Future with Motor-less Robots


The new actuating material that can be powered by light may replace traditional bulky motors and pneumatic actuators 

In order to contribute to the development of micro and biomimetic robots, scientists from the University of Hong Kong have come up with a novel actuating material. The material can be powered by visible light, electricity and other stimuli.

Actuators to replace bulky motors

The artificial muscles and actuating materials that can reversibly change their volume under various stimuli to replace traditional bulky and heavy actuators including motors and pneumatic actuators are in research for a very long time.

Now engineers have created an actuating material-nickel hydroxide-oxyhydroxide, that can be triggered by visible light. The material actuation can be triggered instantaneously and exerts a force equivalent to 3000 times of its own weight. The material is low-cost as the major component is nickel. The fabrication only involves electrodeposition; hence, the process is simple.

Light-induced actuating material

Among various stimuli, the actuators that can be triggered by light are desirable as they allow wireless operation of robots. The problem with existing light-induced actuators is that their material production and cost are high, which hinder their development in actual applications such as artificial muscles for robotics and human assist device, and minimally invasive surgical and diagnostic tools.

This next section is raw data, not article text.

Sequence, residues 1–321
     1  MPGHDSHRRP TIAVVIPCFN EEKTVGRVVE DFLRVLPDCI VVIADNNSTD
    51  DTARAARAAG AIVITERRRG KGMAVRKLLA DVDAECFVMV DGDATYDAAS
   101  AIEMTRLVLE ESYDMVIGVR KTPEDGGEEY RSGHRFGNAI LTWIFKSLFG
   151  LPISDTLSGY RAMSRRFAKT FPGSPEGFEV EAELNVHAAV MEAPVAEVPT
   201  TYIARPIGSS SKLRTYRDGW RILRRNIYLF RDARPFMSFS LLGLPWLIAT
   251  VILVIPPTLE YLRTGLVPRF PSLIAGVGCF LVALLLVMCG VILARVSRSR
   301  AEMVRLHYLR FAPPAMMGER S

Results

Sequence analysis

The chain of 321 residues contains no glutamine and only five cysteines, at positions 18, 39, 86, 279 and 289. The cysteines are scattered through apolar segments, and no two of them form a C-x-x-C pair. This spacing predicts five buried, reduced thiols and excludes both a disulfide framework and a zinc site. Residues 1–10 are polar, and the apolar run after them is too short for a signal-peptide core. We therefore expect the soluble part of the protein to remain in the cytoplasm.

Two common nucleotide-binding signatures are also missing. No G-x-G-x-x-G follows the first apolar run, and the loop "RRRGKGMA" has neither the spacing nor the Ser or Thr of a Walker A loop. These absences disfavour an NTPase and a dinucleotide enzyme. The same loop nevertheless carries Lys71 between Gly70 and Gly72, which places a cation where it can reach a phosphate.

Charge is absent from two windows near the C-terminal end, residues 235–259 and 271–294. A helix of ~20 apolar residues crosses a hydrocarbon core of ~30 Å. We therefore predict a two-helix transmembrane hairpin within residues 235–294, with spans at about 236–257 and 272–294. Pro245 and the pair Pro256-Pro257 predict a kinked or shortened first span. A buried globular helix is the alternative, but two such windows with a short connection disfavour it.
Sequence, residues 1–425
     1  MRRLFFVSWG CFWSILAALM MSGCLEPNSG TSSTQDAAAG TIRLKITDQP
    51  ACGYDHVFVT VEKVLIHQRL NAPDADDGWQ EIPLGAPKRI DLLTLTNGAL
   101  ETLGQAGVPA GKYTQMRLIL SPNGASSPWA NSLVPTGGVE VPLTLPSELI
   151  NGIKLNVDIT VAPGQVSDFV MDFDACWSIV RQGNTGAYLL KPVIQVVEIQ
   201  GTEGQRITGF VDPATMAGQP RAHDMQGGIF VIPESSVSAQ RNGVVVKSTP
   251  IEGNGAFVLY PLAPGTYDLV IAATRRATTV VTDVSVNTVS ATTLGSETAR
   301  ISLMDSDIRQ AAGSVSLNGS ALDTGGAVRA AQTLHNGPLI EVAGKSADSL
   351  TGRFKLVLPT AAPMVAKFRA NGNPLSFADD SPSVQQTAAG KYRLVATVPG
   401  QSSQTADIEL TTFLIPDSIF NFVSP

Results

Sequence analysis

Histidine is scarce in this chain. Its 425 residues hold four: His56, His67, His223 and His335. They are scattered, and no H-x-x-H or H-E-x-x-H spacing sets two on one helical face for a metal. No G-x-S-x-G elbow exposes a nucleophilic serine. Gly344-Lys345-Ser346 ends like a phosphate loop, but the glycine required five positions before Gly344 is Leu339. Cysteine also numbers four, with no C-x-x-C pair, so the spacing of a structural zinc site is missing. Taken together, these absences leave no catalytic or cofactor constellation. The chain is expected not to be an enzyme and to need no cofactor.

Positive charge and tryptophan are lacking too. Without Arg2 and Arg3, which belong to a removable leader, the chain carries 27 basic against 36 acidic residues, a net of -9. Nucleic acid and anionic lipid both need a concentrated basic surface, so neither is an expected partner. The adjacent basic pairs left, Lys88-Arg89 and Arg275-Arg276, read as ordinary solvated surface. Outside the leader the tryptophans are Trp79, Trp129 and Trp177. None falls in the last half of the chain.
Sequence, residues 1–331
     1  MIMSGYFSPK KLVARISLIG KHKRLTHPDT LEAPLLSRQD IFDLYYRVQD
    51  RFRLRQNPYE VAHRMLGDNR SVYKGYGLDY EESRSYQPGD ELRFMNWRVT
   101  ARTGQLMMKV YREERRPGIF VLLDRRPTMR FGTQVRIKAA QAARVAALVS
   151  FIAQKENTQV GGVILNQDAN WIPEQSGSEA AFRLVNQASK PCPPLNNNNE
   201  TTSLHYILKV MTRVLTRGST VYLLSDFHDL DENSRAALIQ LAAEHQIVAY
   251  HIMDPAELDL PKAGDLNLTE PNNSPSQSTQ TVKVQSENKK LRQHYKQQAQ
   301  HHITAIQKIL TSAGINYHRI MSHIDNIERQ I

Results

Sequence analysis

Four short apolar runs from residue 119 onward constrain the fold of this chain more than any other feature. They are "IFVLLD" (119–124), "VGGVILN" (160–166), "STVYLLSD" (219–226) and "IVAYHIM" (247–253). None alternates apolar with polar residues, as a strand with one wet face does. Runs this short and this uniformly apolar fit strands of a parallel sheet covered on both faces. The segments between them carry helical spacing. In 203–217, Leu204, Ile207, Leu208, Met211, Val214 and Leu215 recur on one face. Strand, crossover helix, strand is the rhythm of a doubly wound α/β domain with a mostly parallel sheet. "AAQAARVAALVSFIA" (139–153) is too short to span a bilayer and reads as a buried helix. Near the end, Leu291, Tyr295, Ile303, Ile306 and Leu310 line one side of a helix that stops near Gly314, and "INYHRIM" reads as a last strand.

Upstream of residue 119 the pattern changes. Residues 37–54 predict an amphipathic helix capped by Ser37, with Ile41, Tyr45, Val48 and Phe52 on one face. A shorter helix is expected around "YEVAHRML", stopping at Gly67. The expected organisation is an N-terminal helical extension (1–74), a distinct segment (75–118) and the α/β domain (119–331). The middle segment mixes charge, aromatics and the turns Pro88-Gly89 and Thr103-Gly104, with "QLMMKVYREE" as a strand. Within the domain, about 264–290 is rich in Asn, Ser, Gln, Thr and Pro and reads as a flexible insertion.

According to scientists, this nickel hydroxide-oxyhydroxide actuating material is the world’s first material system that can be actuated directly by visible light and electricity without any additional fabrication procedures. This has opened up a new research field on light-induced actuating behaviour for this material type (hydroxide-oxyhydroxides).

In addition to its visible light actuation properties, this novel material system can also be actuated by electricity. Hence, it can be integrated into the present well-developed robotics technology.

Apart from this, the material also responds to heat and humidity changes so that they might potentially be applied in autonomous machines that harness the tiny energy change in the environment.